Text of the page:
Investigation of Deaths & Serious Incidents in Mental Health Services
Friday 10 February 2017
De Vere West One, London
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“When things go wrong, it is important for healthcare professionals and organisations to learn lessons and make sure the same mistakes are not repeated. Nowhere is this more important than when someone dies. Following the NHS England commissioned report on the investigation of deaths at Southern Health, we are looking at how NHS acute, community healthcare and mental health trusts investigate deaths and learn from their investigations. We also want to assess whether opportunities to prevent deaths have been missed. Findings from our review are due to be published later this year.” Care Quality Commission 2016
This conference will focus on improving the quality of investigations of deaths and serious incidents in mental health services, learning from Mazars Report into Southern Health and implementing the recommendations of the CQC review into how NHS trusts investigate and learn from death published on Tuesday 13 December 2016.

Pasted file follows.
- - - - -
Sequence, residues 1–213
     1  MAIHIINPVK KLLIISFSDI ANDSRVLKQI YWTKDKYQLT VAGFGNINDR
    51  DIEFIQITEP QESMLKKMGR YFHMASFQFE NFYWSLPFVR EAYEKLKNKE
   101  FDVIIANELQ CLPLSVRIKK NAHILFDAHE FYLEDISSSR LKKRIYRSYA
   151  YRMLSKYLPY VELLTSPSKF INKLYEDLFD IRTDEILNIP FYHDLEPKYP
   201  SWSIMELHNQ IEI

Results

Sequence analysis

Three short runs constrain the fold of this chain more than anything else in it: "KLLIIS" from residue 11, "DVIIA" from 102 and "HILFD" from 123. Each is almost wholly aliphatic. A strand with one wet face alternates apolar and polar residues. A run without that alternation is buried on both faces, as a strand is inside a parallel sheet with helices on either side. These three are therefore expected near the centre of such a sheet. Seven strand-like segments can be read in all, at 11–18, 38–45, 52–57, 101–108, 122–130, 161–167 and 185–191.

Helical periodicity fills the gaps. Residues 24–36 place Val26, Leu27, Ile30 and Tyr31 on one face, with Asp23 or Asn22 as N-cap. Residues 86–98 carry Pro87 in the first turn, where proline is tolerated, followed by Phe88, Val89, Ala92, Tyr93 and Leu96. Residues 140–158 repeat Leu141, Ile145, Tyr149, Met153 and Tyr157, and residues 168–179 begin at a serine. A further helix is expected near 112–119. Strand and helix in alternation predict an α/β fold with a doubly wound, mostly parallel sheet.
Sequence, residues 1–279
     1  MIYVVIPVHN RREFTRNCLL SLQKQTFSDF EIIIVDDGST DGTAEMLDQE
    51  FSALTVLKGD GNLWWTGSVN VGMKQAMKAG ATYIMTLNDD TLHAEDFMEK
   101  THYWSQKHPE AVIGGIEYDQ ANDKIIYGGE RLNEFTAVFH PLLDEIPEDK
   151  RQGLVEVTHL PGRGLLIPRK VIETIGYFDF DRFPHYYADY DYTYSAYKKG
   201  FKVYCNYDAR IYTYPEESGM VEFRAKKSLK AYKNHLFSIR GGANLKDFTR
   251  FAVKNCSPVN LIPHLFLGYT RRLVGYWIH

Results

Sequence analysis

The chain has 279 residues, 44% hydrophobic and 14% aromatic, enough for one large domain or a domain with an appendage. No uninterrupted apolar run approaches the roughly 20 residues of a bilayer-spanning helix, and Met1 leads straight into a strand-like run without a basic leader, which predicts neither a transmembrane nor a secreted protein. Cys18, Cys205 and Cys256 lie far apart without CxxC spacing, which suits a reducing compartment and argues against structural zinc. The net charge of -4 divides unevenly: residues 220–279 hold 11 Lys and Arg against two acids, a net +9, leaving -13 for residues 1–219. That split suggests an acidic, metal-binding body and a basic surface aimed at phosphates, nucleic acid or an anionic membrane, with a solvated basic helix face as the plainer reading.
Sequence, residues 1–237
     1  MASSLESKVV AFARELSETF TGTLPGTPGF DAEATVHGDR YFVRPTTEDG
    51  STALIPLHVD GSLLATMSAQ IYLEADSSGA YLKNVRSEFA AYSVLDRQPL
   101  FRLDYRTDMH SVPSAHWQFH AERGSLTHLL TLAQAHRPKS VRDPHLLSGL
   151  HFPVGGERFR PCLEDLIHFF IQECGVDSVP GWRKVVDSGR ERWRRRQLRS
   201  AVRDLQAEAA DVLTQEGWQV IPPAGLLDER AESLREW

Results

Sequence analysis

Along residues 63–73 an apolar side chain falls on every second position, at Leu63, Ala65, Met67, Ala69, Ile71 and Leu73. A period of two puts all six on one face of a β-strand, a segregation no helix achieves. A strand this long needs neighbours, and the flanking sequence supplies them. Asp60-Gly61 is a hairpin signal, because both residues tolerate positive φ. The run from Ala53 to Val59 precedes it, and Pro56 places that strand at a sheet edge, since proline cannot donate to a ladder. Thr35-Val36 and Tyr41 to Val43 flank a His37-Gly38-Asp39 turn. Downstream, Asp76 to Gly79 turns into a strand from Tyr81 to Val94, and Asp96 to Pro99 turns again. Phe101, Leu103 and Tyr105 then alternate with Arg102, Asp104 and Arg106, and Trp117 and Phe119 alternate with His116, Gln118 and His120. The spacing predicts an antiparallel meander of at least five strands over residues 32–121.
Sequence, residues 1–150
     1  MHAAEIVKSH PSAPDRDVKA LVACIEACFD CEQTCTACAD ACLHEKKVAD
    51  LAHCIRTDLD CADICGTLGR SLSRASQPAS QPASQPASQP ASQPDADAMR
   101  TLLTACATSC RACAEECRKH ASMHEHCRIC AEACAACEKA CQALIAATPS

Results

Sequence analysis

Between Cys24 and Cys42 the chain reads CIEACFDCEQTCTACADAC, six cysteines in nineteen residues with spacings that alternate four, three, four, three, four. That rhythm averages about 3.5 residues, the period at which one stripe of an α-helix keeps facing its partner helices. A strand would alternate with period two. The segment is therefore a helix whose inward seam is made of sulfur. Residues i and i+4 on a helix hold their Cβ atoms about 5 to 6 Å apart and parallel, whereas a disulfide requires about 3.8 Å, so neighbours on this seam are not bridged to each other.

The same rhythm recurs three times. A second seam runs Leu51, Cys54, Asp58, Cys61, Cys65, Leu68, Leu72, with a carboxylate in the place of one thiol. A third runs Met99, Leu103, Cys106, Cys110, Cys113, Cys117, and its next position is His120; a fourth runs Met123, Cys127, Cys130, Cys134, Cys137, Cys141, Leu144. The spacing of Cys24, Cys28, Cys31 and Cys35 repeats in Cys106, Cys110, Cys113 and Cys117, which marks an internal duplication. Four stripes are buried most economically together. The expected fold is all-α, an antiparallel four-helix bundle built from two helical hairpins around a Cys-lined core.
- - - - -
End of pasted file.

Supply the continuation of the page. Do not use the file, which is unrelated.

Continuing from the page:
Sir Mike Richards, the CQC’s chief inspector of hospitals, said: “The extent of the problems is more than I expected. The whole system [of investigating deaths] needs an overhaul at national level and local level.” He added that “there is not a single NHS trust that is getting it completely right currently” HSJ December 2016
“Learning from deaths needs much greater priority across the health and social care system. Without this, opportunities to improve care for future patients will continue to be missed…. Healthcare providers should have a consistent approach to identifying and reporting, investigating and learning from the deaths of people using their services, and when appropriate, sharing this information with other services involved in a patient’s care before their death… Bereaved relatives and carers must always be treated as equal partners and receive an honest and caring response from health and social care providers. … Reviews and investigations need to be carried out to a high quality, with a focus on system analysis rather than individual errors.” Care Quality Commission Dec 2016
The conference will also look at implementing the five recommendations for improvement in the investigation of serious incidents as identified by the Care Quality Commission in July 2016. Through national updates, practical case studies and extended masterclasses, the conference will provide a step by step guide to high quality investigation and learning from deaths of people who received care from their mental health service.
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